How to Crawl Web Pages in a Chrome Extension

Christoph Herzog
  • google-chrome
  • chrome
  • extension
  • crawl
  • crawling
  • parsing
  • fetch
  • promise
  • random-tip
  • develop

I've found myself using a website on a regular basis, which shall remain unnamed.
It is overloaded with ads, has an ugly design and is cumbersome to use. So what shall a coder do, facing this plight? Well, write a Google Chrome extension that fetches the required data and presents it in a React app, of course!

Hint: If you just want a reusable, working function for crawling pages in a Chrome background page, jump HERE.

I might cover my extension in more detail in a later blog post, but the first step was to find a good way to fetch and parse web pages.

A background page seems to be the right approach.

My first approach was trying to set window.location.href in the background page.
For some reason, this sadly just does not work. I haven't found a reason why, but presumably Chrome ignores location changes for background pages.

Then I tried to just fetch the whole page and insert it into the body.
This has two issues though:

  • You need to parse out the <body> tag first to exclude everything in <head>, which might prevent you from seeing content generated by Javascript.
  • Inserting large amounts of content by setting .innerHTML is painfully slow (in Chrome at least).
  • After setting .innerHTML, the whole page becomes really slow, including simple dom queries.

A workaround is to use document.write, which replaces the whole document.
Subsequent queries DOM access remains fast.

So, what works well is this:

  • Load the required page with the new Fetch API
  • Insert the loaded content with document.write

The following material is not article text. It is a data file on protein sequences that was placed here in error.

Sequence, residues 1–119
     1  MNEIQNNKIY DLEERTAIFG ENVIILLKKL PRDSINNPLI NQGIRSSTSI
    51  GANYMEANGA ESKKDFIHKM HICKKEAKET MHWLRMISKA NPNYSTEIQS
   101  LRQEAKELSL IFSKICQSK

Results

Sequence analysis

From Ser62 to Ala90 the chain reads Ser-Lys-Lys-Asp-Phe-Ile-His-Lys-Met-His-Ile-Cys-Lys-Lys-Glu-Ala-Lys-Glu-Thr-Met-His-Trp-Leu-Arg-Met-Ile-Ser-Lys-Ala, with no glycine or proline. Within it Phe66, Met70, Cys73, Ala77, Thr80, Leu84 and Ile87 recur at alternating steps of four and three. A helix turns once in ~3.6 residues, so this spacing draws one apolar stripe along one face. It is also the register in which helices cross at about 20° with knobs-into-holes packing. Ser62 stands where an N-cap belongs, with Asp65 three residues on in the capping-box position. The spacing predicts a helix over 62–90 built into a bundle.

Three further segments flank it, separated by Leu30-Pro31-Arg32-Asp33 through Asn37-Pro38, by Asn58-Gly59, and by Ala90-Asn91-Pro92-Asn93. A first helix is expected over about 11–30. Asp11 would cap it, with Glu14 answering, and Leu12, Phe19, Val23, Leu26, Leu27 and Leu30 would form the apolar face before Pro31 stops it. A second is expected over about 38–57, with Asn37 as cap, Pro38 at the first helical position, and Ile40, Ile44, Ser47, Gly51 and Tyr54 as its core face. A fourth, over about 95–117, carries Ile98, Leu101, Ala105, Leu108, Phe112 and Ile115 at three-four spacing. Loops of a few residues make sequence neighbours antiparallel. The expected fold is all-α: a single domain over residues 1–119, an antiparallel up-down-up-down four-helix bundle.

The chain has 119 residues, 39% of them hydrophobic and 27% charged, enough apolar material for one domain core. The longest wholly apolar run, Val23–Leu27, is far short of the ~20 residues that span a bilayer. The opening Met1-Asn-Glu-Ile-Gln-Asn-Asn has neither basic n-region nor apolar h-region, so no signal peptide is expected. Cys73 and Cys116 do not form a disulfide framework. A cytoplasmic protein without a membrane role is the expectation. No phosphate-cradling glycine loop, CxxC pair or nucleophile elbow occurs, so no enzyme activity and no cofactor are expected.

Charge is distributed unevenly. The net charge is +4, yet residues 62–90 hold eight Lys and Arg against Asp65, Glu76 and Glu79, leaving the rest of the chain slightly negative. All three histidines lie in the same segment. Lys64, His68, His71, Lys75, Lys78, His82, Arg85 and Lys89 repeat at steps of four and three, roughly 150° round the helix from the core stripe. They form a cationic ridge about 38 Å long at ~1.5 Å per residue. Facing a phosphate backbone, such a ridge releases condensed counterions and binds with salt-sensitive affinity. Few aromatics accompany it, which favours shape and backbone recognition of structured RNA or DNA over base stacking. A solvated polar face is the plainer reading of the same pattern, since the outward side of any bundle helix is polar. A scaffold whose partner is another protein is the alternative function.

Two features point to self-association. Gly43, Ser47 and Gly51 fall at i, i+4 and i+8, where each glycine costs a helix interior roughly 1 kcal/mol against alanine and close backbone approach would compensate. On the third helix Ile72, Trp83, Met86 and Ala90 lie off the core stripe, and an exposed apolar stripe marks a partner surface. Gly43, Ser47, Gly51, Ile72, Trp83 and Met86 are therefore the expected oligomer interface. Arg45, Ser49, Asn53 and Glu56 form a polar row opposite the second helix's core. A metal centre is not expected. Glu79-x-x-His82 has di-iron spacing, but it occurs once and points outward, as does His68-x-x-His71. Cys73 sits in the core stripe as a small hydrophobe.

• Use a timeout to detect document.readyState === "complete".
  • Query the document however you want to.

#Example

Note: I'm using Chrome 52, which now fully supports the Fetch API, arrow functions and let / const variable declarations.

So, here is a working example that extracts all urls from link tags in a given page:

url = "https://www.wikipedia.org/";
fetch(url).then(r => {
  return r.text();
}).then(html => {
  document.open("text/html");
  document.write(html);
  document.close();

  const handler = function() {
    if (document.readyState !== "complete") {
      setTimeout(handler, 50);
    }
    else {
      const links = document.body.querySelectorAll("a");
      const urls = [].map.call(links, l => l.href);
      // Do something with the URLs.
      console.log(urls);
    }
  }
  setTimeout(handler, 50);
}); 


#Reusable Function Returning a Promise

So, would'nt it be nice to have a reusable function returning a Promise?

Here you go:

function fetchPage(url) {
  return fetch(url).then(r => {
    return r.text();
  }).then(html => {
    document.open("text/html");
    document.write(html);
    document.close();

    return new Promise((resolve, reject) => {
      const handler = function() {
        if (document.readyState !== "complete") {
          setTimeout(handler, 50);
        }
        else {
          resolve();
        }
      }
      handler();
    });
  });
}

// Usage:

fetchPage("https://some-page.com").then(function() {
  const links = document.body.querySelectorAll("a");
  const urls = [].map.call(links, l => l.href);
  // Do something with the URLs.
  console.log(urls);
});


#References

theduke.at | © Christoph Herzog (theduke), 2016 | Vienna, Austria